In the wake of the attack, Microsoft said it had taken the “highly unusual step” of releasing a patch for computers running older operating systems including Windows XP, Windows 8 and Windows Server 2003.
But the patches won’t do any good for machines that have already been hit.
“Affected machines have six hours to pay up and every few hours the ransom goes up,” said Kurt Baumgartner, the principal security researcher at security firm Kaspersky Lab. “Most folks that have paid up appear to have paid the initial $300 in the first few hours.”
Related: 5 things to know about the attack
Experts told CNNTech that an unidentified cyber security researcher accidentally stopped the spread of WannaCry by registering a domain name contained in the ransomware’s code.
The researcher, who uses the Twitter handle @malwaretechblog, told CNNTech they registered the domain name in order to study the virus, but it turned out the ransomware needed it to remain unregistered to keep spreading.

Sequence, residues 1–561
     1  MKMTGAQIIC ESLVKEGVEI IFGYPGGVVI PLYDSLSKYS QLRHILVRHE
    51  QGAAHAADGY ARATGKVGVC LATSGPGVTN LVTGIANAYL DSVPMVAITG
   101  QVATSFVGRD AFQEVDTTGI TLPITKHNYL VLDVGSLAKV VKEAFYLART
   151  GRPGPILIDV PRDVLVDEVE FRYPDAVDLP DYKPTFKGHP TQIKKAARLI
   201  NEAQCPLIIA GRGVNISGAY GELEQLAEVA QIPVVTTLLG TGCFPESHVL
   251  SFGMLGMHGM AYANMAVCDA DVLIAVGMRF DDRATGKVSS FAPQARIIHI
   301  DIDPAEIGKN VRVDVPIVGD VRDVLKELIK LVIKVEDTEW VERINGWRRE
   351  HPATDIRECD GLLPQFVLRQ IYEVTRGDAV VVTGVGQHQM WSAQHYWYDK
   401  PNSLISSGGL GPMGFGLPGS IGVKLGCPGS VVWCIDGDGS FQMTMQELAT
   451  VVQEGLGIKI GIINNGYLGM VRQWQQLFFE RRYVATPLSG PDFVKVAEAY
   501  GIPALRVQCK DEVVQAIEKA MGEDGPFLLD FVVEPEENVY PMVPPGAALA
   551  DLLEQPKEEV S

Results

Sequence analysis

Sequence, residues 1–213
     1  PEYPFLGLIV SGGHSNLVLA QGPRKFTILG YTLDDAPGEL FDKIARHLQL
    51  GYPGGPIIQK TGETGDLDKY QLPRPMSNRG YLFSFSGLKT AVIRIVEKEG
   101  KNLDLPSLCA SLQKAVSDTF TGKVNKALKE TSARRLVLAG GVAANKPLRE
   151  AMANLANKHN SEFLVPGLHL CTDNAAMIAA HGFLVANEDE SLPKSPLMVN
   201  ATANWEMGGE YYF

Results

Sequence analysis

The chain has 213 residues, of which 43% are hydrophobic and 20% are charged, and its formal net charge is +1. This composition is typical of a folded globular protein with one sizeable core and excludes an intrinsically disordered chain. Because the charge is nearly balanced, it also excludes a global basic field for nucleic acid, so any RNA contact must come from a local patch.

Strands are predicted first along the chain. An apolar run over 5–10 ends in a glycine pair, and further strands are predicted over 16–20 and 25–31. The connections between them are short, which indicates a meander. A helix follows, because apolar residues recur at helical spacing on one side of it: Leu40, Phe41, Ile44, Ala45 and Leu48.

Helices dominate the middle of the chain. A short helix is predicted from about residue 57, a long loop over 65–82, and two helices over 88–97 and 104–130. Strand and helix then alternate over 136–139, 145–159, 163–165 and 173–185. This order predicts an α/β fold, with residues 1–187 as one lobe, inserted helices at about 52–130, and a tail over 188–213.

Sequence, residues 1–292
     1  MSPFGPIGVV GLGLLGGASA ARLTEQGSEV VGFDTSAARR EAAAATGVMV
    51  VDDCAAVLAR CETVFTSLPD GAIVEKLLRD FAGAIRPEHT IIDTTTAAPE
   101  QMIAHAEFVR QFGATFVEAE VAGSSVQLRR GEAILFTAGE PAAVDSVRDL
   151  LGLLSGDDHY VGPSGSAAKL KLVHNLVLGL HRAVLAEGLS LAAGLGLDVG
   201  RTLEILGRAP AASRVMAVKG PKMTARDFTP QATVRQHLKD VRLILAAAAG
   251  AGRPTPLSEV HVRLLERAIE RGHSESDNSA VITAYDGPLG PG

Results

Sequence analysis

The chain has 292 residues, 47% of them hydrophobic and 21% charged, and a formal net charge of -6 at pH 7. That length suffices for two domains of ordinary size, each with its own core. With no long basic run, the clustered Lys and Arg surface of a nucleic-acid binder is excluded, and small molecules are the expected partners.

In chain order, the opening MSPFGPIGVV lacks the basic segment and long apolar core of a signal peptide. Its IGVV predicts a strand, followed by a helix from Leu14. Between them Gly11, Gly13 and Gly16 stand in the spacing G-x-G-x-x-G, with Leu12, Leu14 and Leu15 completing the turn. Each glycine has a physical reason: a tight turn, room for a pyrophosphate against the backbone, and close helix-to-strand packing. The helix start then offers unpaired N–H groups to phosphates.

However, a hacker could change the code to remove the domain name and try the ransomware attack again.
And WannaCry has already caused massive disruption around the globe.
Sixteen National Health Service organizations in the UK were hit, and some of those hospitals canceled outpatient appointments and told people to avoid emergency departments if possible. The NHS said in a statement on Saturday that there was no evidence that patient information had been compromised.
In China, the internet security company Qihoo360 issued a “red alert” saying that a large number of colleges and students in the country had been affected by the ransomware, which is also referred to as WannaCrypt. State media reported that digital payment systems at PetroChina gas stations were offline, forcing customers to pay cash.
Related: NSA’s powerful Windows hacking tools leaked online
“Global internet security has reached a moment of emergency,” Qihoo360 warned.
Major global companies said they also came under attack.